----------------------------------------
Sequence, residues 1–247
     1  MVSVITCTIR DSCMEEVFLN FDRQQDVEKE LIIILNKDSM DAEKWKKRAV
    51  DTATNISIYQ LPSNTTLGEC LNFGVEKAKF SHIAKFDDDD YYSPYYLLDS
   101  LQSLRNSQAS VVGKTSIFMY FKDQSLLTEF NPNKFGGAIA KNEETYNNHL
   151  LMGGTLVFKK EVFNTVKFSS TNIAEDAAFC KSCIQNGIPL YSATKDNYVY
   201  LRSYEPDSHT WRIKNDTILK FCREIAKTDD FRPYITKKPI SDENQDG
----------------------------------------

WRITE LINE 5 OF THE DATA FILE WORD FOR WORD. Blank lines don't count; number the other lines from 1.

   151  LMGGTLVFKK EVFNTVKFSS TNIAEDAAFC KSCIQNGIPL YSATKDNYVY